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There could soon be a new American vacation mecca. This spring Congress will decide whether yet another endangered species–nuclear missile sites–should be entrusted to its care as national parks.

Deployed in nearly 1,000 launch facilities across the U.S., the Minuteman Intercontinental Ballistic Missile system has operated on continuous alert for 30 years. The 1991 START Treaty called for permanent demolition of all but a few Minutemen; the disabled warheads could be opened to the public for historical and educational purposes. Currently, the U.S. Air Force and National Park Service are assessing the feasibility of preserving two sites in South Dakota, the Delta One and Delta Nine launch facilities near Rapid City. Both are attractive because of their proximity to heavily traveled parks, including Badlands and Mount Rushmore.

Public opinion is positive–85 percent of those surveyed for the feasibility study are in favor of national missile parks, but each side has its own twist. Politicians such as South Dakota Senator Roger Porch want to expand tourism. Neighboring Lakota tribes, on the other hand, like the idea of preserving a monument to U.S. greed and destruction. Should be a popular destination.

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Headshot of Editor in Chief of Mother Jones, Clara Jeffery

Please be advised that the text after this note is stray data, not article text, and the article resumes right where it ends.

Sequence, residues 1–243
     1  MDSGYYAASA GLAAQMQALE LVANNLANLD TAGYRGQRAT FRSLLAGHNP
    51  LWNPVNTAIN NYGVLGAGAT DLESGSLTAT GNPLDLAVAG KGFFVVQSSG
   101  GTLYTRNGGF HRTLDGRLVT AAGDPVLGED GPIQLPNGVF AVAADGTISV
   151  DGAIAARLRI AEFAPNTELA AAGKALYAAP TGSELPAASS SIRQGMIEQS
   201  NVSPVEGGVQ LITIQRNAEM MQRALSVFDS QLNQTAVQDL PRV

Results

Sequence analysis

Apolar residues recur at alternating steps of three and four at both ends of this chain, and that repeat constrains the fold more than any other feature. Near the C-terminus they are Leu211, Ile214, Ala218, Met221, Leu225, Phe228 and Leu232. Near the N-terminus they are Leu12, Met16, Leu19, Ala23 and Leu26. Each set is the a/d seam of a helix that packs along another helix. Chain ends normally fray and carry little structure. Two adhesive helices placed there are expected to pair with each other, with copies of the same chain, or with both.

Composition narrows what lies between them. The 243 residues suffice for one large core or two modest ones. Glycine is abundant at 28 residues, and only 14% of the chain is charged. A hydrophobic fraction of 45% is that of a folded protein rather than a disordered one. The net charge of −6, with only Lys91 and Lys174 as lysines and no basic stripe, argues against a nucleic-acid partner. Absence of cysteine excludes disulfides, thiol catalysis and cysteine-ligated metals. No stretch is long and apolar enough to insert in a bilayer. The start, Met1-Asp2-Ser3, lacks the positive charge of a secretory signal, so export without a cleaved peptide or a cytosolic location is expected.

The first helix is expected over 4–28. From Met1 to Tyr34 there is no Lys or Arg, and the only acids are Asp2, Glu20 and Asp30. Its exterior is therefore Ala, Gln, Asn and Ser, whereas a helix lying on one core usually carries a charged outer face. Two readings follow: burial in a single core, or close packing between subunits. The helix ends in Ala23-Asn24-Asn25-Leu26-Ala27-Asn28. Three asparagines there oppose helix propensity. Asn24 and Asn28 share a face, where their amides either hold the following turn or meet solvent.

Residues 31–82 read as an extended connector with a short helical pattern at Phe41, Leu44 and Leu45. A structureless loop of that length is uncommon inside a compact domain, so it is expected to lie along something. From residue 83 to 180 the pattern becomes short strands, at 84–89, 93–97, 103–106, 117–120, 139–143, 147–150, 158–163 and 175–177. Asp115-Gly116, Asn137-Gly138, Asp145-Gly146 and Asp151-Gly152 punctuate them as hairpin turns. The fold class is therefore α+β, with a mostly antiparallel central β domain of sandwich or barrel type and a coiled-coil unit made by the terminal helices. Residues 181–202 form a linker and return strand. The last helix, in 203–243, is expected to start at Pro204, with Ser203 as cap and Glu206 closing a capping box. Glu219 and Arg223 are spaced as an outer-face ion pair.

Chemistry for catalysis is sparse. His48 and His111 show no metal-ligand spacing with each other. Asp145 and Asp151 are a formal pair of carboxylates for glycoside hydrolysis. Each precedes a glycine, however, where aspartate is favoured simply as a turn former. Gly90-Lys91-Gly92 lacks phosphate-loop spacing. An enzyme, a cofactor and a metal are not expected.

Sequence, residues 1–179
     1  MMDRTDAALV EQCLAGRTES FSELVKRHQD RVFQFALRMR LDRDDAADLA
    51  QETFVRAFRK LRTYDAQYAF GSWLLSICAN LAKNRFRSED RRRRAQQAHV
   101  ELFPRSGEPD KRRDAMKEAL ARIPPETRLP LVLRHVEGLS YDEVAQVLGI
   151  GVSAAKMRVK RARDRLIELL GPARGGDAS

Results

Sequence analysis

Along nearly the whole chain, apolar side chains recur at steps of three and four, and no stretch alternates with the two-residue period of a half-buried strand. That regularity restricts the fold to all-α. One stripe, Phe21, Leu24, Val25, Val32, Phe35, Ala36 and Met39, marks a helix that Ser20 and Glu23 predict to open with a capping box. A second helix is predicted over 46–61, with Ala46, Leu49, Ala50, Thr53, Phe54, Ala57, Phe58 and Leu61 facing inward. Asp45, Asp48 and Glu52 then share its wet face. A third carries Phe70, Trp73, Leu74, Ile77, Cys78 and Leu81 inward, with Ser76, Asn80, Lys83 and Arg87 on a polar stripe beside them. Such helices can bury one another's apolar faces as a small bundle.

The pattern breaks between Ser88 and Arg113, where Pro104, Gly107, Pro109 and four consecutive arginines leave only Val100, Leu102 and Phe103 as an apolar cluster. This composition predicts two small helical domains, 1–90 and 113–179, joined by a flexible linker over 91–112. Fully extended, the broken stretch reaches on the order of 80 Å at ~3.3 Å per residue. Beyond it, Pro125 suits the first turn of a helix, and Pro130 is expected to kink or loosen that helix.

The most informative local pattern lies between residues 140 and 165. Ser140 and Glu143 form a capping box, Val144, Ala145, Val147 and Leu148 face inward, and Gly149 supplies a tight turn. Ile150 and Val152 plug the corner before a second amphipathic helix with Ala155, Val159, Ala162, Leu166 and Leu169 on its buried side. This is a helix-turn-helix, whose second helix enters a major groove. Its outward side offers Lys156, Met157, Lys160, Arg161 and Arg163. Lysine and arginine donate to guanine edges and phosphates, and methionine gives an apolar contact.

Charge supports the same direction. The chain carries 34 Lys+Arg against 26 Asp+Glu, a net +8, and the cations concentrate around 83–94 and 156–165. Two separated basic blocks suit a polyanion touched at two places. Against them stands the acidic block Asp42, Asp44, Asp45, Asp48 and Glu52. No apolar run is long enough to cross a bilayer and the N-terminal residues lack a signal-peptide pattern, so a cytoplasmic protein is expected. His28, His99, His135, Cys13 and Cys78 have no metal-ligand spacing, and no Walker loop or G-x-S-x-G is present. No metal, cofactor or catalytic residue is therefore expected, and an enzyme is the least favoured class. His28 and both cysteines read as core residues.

It sure feels that way to me, and here at Mother Jones, we’ve been thinking a lot about what journalism needs to do differently, and how we can have the biggest impact.

We kept coming back to one word: corruption. Democracy and the rule of law being undermined by those with wealth and power for their own gain. So we're launching an ambitious Mother Jones Corruption Project to do deep, time-intensive reporting on systemic corruption, and asking the MoJo community to help crowdfund it.

We aim to hire, build a team, and give them the time and space needed to understand how we got here and how we might get out. We want to dig into the forces and decisions that have allowed massive conflicts of interest, influence peddling, and win-at-all-costs politics to flourish.

It's unlike anything we've done, and we have seed funding to get started, but we're looking to raise $500,000 from readers by July when we'll be making key budgeting decisions—and the more resources we have by then, the deeper we can dig. If our plan sounds good to you, please help kickstart it with a tax-deductible donation today.

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Signed by Clara Jeffery

Clara Jeffery, Editor-in-Chief

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